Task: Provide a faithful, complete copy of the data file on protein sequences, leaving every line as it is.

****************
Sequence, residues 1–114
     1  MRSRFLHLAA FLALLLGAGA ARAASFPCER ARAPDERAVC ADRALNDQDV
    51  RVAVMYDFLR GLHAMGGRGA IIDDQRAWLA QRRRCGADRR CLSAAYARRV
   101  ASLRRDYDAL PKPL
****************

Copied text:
Sequence, residues 1–114
     1  MRSRFLHLAA FLALLLGAGA ARAASFPCER ARAPDERAVC ADRALNDQDV
    51  RVAVMYDFLR GLHAMGGRGA IIDDQRAWLA QRRRCGADRR CLSAAYARRV
   101  ASLRRDYDAL PKPL